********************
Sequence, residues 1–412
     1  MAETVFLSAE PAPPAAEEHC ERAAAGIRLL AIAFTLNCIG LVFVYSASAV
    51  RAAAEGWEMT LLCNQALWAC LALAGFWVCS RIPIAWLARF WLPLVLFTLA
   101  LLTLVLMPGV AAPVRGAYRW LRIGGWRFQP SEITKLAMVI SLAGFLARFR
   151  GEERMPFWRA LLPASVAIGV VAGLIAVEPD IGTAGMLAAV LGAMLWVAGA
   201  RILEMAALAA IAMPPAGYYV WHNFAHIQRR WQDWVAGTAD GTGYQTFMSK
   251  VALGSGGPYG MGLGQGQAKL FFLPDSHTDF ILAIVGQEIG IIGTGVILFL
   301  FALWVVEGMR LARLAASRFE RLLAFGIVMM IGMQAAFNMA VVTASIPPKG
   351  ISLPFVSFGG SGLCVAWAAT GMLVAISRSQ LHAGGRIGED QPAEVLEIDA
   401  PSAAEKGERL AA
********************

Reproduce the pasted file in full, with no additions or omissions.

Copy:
Sequence, residues 1–412
     1  MAETVFLSAE PAPPAAEEHC ERAAAGIRLL AIAFTLNCIG LVFVYSASAV
    51  RAAAEGWEMT LLCNQALWAC LALAGFWVCS RIPIAWLARF WLPLVLFTLA
   101  LLTLVLMPGV AAPVRGAYRW LRIGGWRFQP SEITKLAMVI SLAGFLARFR
   151  GEERMPFWRA LLPASVAIGV VAGLIAVEPD IGTAGMLAAV LGAMLWVAGA
   201  RILEMAALAA IAMPPAGYYV WHNFAHIQRR WQDWVAGTAD GTGYQTFMSK
   251  VALGSGGPYG MGLGQGQAKL FFLPDSHTDF ILAIVGQEIG IIGTGVILFL
   301  FALWVVEGMR LARLAASRFE RLLAFGIVMM IGMQAAFNMA VVTASIPPKG
   351  ISLPFVSFGG SGLCVAWAAT GMLVAISRSQ LHAGGRIGED QPAEVLEIDA
   401  PSAAEKGERL AA